Quantcast
Pexels

Scientists studying plants' ability to gobble up carbon from the atmosphere have found that plants will offer protection from greenhouse gases for another 80 years. Beyond 2100, they are not sure if carbon levels will become so high that that plants will reach a breaking point where they can no longer remove carbon from the air, as Newsweek reported.

Read More Show Less
Modern agricultural greenhouses in the Netherlands use LED lights to support plant growth. GAPS / iStock / Getty Images Plus

By Kevin M. Folta

A nighttime arrival at Amsterdam's Schiphol Airport flies you over the bright pink glow of vegetable production greenhouses. Growing crops under artificial light is gaining momentum, particularly in regions where produce prices can be high during seasons when sunlight is sparse.

Read More Show Less

EcoWatch Daily Newsletter

Alice Day / EyeEm / Getty Images

By Brian Barth

Where I come from — the Deep South — iced tea is a religion. Traditionally, most Southern families make it with Lipton tea bags, a little lemon and a lot of sugar. The sole ingredient in those Lipton bags is black tea, which comes from the Camellia sinensis plant. The species was once grown on a limited commercial scale in the South, but today it's produced primarily in Asia. Gardeners in mild-winter areas can grow the traditional "tea" plant (warning: it's finicky), but green thumbs everywhere can easily grow perfectly suitable substitutes that combine into a delicious, caffeine-free iced tea.

Read More Show Less
Cyanea superba, endemic to the island of Oahu and now extinct in the wild. David Eickhoff / CC BY 2.0

Researchers have found that nearly 600 plant extinctions have taken place over the last two and a half centuries, according to a new paper published in Nature Ecology and Evolution.

Read More Show Less

Petri Oeschger / Moment / Getty Images

Food gardens can be beautiful — a cherry tree in full bloom, the mesmerizing foliage of trout back lettuce — but purely ornamental gardens can also be edible.

Read More Show Less
'Morning In The Mighty Redwoods.' David Ruddock

Today is Earth Day, which means it is also the moment you have all been waiting for: The moment when EcoWatch announces the winner of our second-ever photo contest!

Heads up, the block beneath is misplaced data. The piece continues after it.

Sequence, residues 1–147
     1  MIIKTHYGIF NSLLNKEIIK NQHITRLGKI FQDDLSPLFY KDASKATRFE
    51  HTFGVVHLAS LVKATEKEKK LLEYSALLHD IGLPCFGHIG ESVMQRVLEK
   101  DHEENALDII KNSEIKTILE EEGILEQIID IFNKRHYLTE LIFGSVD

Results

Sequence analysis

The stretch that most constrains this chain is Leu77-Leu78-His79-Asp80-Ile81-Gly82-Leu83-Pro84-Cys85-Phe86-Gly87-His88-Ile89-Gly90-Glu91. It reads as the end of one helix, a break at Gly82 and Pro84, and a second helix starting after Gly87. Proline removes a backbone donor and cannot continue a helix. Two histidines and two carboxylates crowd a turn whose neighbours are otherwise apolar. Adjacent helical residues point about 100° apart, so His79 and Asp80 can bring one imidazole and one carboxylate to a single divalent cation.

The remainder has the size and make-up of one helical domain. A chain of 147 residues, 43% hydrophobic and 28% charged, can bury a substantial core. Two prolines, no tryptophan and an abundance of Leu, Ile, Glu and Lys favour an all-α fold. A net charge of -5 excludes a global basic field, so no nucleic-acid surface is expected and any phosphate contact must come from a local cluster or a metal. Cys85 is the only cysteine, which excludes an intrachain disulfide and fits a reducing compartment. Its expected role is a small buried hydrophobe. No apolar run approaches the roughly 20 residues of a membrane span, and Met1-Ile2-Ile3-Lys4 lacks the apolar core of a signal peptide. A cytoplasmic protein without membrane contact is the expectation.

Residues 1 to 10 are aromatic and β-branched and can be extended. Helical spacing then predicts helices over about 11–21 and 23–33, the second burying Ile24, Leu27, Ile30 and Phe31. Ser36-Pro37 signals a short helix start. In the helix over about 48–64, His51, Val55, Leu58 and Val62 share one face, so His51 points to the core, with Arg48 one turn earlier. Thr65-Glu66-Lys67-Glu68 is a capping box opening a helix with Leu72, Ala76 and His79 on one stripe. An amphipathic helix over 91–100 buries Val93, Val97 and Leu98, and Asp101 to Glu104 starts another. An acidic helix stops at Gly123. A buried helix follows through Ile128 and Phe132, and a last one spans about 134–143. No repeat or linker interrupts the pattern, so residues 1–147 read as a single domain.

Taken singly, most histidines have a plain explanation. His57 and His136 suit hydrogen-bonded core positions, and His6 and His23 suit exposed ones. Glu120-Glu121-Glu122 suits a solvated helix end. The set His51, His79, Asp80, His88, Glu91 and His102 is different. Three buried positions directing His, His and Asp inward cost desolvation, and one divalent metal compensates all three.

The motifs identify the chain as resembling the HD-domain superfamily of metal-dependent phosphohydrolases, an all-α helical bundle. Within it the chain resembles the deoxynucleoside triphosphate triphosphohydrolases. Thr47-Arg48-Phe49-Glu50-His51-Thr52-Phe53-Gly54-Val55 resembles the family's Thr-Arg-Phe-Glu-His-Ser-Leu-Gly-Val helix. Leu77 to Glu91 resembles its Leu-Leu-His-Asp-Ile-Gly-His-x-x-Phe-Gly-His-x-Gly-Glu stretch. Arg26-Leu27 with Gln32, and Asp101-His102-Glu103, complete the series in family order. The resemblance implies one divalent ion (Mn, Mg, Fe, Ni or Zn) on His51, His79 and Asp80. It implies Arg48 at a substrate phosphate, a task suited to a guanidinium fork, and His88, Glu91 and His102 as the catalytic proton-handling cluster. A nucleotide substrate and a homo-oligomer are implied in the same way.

Read More Show Less
Sponsored
Jevtic / iStock / Getty Images Plus

Scientists have some bad news for those who catch a case of hay fever each spring: allergy season is beginning earlier and becoming more intense due to climate change.

Read More Show Less
Cavan Images / Getty Images

Update: The window for photo submissions has ended. The winner will be announced this Monday, April 22.

Earth Day is celebrated each year on April 22nd. The official theme of Earth Day 2019 is 'Protect Our Species.' In honor of Earth Day, EcoWatch has kicked off a second photo contest. Show us what 'Protect Our Species' means to you. Maybe there's a tree you've always loved, or perhaps it's a photo of the bird you adore that always visits your yard. We're excited to see what species means a lot to you. Capture a moment and send it our way!

Read More Show Less
Jordan Siemens / Taxi / Getty Images

Update: The window for photo submissions has ended. The winner will be announced this Monday, April 22.

EcoWatch is pleased to announce its second photo contest! Earth Day is happening on April 22nd, and this year's theme is "Protect Our Species." With that in mind, we want EcoWatchers to show us your photographs of creatures that inhabit Earth. Send us your best photos of species you value.

Read More Show Less

In tea, food, or just on your windowsill, embrace the fragrance and fantastic healing potential of herbs.

Read More Show Less

You don't need a green thumb to appreciate the immense power of plants. They help us nurture, heal, and feed our bodies, minds, and hearts.

Read More Show Less
Sponsored